The characters of Simon James and James Simon struck me as the depiction of the philosophical and literary concepts of the Apollonian and Dionysus (over 10 years ago when I was still a nerdy student I wrote my first MA thesis on the figure of Dionysus in (neo) Hellenistic literature and philosophy). For the clarification of these archetypes, I will quote from the all-mighty Wikipedia: ‘Apollo is the god of the Sun, of dreams and of reason, while Dionysus is the god of wine, ecstasy and intoxication.’ In this sense, Simon James clearly portrays Apollo while his antagonist is Dionysus.
The staging of the film has a very artificial feel to it. The many quirky characters and fast-paced dialogues (for instance the scene with two detectives who are investigating a man’s suicide) had some Wes Anderson resonance to them. Like with many of Wes Anderson films, it’s rather difficult to place The Double in a specific time or location. The film mostly seems to be set in a fantasy world in a time that could be any. Devices used in The Double, like the TV sets, computer systems and especially the extraordinary printer, seem to be both from the future but at the same time look very out-dated.
During the Q&A Richard elaborated on the aspects of location and time in the film: ‘We didn’t want it to be placed precisely as just one kind place in Britain and also like the technology that exists in it and the specific set dressing isn’t of one era that necessarily existed. We wanted it more to feel like one of those generic science programmes that you had in the 50s in which they would say in the year ‘99 everybody will look like this and it’s just off.’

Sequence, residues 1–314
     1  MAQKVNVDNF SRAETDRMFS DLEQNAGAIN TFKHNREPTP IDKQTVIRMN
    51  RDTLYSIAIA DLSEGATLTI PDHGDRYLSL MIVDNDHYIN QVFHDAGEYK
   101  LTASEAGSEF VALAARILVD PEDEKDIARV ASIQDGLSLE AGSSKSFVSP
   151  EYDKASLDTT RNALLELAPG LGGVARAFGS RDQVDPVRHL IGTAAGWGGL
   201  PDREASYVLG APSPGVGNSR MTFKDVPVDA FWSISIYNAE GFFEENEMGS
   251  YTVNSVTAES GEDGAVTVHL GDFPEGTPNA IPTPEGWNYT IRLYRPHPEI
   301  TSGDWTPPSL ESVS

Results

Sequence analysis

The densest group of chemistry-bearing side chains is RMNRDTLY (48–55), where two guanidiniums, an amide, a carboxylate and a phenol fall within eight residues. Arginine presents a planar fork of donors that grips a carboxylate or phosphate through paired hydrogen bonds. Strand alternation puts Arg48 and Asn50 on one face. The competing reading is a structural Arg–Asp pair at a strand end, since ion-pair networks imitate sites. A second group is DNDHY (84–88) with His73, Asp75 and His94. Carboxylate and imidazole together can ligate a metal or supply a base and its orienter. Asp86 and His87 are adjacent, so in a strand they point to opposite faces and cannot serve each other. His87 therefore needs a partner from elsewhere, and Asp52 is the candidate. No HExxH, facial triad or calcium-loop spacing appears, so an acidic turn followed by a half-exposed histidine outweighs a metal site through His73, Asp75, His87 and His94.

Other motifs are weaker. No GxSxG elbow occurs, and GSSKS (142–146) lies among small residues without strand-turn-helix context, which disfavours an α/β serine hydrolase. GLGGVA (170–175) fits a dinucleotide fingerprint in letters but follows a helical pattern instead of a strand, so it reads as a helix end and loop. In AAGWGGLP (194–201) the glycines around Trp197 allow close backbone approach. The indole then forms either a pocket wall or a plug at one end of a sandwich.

Frequently you hear Japanese and South Korean songs in the films, Ayoade on this: ‘Since there is a variety of accents in the film and the location is not exactly determined as one place, it would be good if the music wasn’t geographically or temporarily limited. And you can speak over Japanese music with English without too much dissonance as with Kanye West, which was second choice.’
Richard revealed that the filming had taken place in Wokingham, UK. In reply to the question if the people in Wokingham had seen the film yet, he said: ‘The citizens of Wokingham, as they insist on being called, they more or less watch it daily. It’s too early to call it a religion yet.’
More was explained about the use of music and sound in the film when someone in the audience asked after the sound design as there are many moments when you hear industrial rumbling and fake screams. ‘I think part of it was not wanting to have the sound and picture to be in sync. And to have an emotional feel rather than descriptive, I guess. I think part of the appeal of foreign films, especially from the 60s like Fellini films or Bergman films, you have this quite simple soundtrack that isn’t often exact in time with the picture and they take a more broad idea-based approach.’
During the Q&A I realised that the artificial feel to the film was the result of the lack of natural light. Richard explained that decision: ‘There was a very practical reason for not having any natural light in the film. Initially a very boring reason which is that we were to have motion control or split screen in the film and you can’t have any change in luminance in between two takes then. So in order to be in control of the light, you can’t have natural light. And also in just in some nightmarish way it felt like it would always be good to have some artificial component to the light. In the film before (Submarine, 2010) it was more or less all natural light so in this we were really happy to work with all hard light, old film lights. … You just kind of shape it, like you would do in a film noir. And don’t really worry about the logic of it.’
Richard Ayoade on the biggest challenge during filming: ‘Technically the hardest thing was that it was really slow. In the scenes with the two of them there [Simon James and James Simon]. Normally you can rehearse a scene and see whether it’s too long or how everybody’s interacting, but now you couldn’t really see this till the edit and that is rather strange. Also you have to film each scene at a minimum of three takes. A further slightly frightening thing is that you have to take one take on the day for him [Jessie Eisenberg] to act against. You don’t really have the chance to say: “Oh I’ll take it from here.”’